Sanela Jahić graduated in painting from the Academy of Fine Arts and Design, University of Ljubljana in 2008, and received her master’s degree in 2010 in public art and new artistic strategies from the Bauhaus University in Weimar. Jahić is an intermedia artist who constructs visual and technologically supported kinetic objects and installations. Her artistic practice often involves collaboration with specialists for mechanical engineering, automation, software and electronics. She lives and works in Škofja Loka. Jahić has exhibited her work in numerous shows in Slovenia and abroad.

Silvio Lorusso’s work focuses on the cultures and rhetorical regimes embedded in techno-social systems. He deals with the narratives and counternarratives that define platforms, devices and interfaces. By doing so, he engages with the tensions surrounding notions of labour, productivity, autonomy, self-design, entrepreneurialism, precarity and failure. Lorusso’s practice combines various media such as video, websites, artist’s books, installations, lectures. An affiliated researcher at the Institute of Network Cultures in Amsterdam, a tutor at the Royal Academy of Art, The Hague, and a researcher at Willem De Kooning Academy, his work has been presented internationally, in venues including Re:Publica, Berlin; MAXXI, Rome; Transmediale, Berlin; Drugo more, Rijeka; Kunsthalle Wien; MoneyLab, Amsterdam; IMPAKT, Utrecht; Sight & Sound, Montreal; Adhocracy, Athens. His work has been featured in, among others, the GuardianFinancial Times and Wired. He lives in Rotterdam and lectures internationally. His book Entreprecariat was published in Italian by Krisis (Brescia, 2018) and in English by Onomatopee (Eindhoven, 2019).

Michael Mandiberg is an interdisciplinary artist whose work crosses multiple forms and disciplines in order to trace the lines of political and symbolic power as it takes shape online. Mandiberg received an MFA from California Institute of the Arts and a BA from Brown University. Mandiberg’s projects have been presented at the Museum of Modern Art (MoMA), New York City; Los Angeles County Museum of Art (LACMA); the New Museum, New York City; Musée d’Art Moderne de la Ville de Paris; Denny Dimin Gallery, Art-in-Buildings Financial District Project Space, New York City; Arizona State University Museum & Library, Tempe; and Transmediale, Berlin, amongst others. Mandiberg’s work has been written about widely, including in ArtforumArt in AmericaARTnewsthe New York Times, the New Yorker, and the Wall Street Journal.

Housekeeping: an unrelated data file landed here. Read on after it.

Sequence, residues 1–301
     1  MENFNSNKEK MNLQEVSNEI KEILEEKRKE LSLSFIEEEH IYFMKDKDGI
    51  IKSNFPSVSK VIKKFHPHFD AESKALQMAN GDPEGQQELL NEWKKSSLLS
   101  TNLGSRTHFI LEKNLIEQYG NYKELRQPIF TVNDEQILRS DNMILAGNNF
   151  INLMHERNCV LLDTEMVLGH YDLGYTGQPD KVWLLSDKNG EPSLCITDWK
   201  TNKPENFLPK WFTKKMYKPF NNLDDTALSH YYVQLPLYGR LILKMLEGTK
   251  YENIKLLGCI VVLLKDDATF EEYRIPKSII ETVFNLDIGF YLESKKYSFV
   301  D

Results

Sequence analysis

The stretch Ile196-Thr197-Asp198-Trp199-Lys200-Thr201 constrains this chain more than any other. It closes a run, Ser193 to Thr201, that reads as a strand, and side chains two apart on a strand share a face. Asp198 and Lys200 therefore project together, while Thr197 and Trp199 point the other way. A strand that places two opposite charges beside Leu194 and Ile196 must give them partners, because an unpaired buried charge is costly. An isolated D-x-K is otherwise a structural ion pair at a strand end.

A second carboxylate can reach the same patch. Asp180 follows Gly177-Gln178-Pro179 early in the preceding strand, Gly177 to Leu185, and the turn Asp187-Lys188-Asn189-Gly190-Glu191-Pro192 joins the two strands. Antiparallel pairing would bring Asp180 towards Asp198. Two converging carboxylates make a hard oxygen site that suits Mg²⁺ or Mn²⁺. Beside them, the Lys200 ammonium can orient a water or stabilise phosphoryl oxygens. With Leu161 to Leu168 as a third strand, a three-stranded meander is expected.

Domenico Quaranta is a contemporary art critic and curator. His work focuses on the impact of the current means of production and dissemination of the arts, and on the way they respond – syntactically and semantically – to the technological shift. The author of In My Computer (2011), Beyond New Media Art (2013) and AFK. Texts on Artists 20112016 (2016), he has contributed to, edited or co-edited a number of books and catalogues including GameScenes. Art in the Age of Videogames (2006) and THE F.A.T. MANUAL (2013). Since 2005, he has curated and co-curated many exhibitions, including: Holy Fire. Art of the Digital Age (2008); RE:akt! (2009–10); Playlist (2009–10); Collect the WWWorld (2011–12); Unoriginal Genius (2014); Cyphoria (2016), Janez Janša® (2017–18) and Escaping the Digital Unease (2017–18). He lectures internationally and is a faculty member at the Accademia di Belle Arti di Carrara. He is a co-founder of the Link Art Center, Brescia (2011–19).

Sebastian Schmieg is an artist living and working in Berlin. His work engages with the algorithmic circulation of images, texts and bodies within contexts that blur the boundaries between human and software, individual and crowd, or labour and leisure. At the centre of his practice are playful interventions into found systems that explore hidden – and often absurd – aspects behind the glossy interfaces of our networked society. Schmieg works in a wide range of media such as video, website, installation, artist book, custom software and lecture performance. Schmieg’s works have been shown at, among others, The Photographers’ Gallery, London; Rhizome, New York; Transmediale, Berlin; NRW-Forum, Düsseldorf; Panke Gallery, Berlin. He lives and works in Berlin and Dresden

Sašo Sedlaček holds a BA in sculpture and video from the Academy of Fine Arts of the University of Ljubljana (UL ALUO). Since 2015, he works as an associate professor in UL ALUO’s Video and New Media programme. His work has been awarded various grants, including the Trend Award for exceptional achievements in visual culture (Ljubljana 2012) and the VIDA 11 (Fundación Telefónica, Madrid, 2008), and is featured in various private and public collections, including the Museum & Galleries of Ljubljana (MGML). Since 2001, his work has been exhibited nationally and internationally at various venues, most recently: City Art Gallery of Ljubljana (2019), Espace Apollonia in Strasbourg (2018), Contemporary Art Palazzo Torriani, Gradisca d’Isonzo (2018), Autostrada Biennale Prizren (2017), Handel Street Projects, London (2017); UGM, Maribor (2017); +MSUM, Ljubljana (2016); AND Festival, Grizedale Forest (2015); Wro Art Center, Wrocław (2015); Ars Electronica, Linz (2014); Transmediale, Berlin (2014).


Curated by
Domenico Quaranta, Janez Fakin Janša

Speakers: Elisa Giardina Papa, Sanela Jahić, Silvio Lorusso, Michael Mandiberg, Domenico Quaranta, Sašo Sedlaček, Sebastian Schmieg

Aksioma – Institute for Contemporary Art, Ljubljana, 2020

Museum of Modern Art Ljubljana
and the Academy of Fine Arts and Design of the University of Ljubljana

the Italian Cultural Institute, Ljubljana

Supported by:
the Ministry of Culture of the Republic of Slovenia and the Municipality of Ljubljana.


Michael Mandiberg
Postmodern Times
7–10 January 2020
Aksioma | Project Space, Ljubljana

7 November 2019–19 January 2020
MGLC – International Centre of Graphic Arts, Ljubljan

Curator: Domenico Quaranta
Featured artists: Danilo Correale, Elisa Giardina Papa, Sanela Jahić, Silvio Lorusso, Jonas Lund, Michael Mandiberg, Sebastian Schmieg, Guido Segni

Jaka Babnik

Elisa Giardina Papa
The Cleaning of Emotional Data
15 January–14 February 2020
Aksioma | Project Space, Ljubljana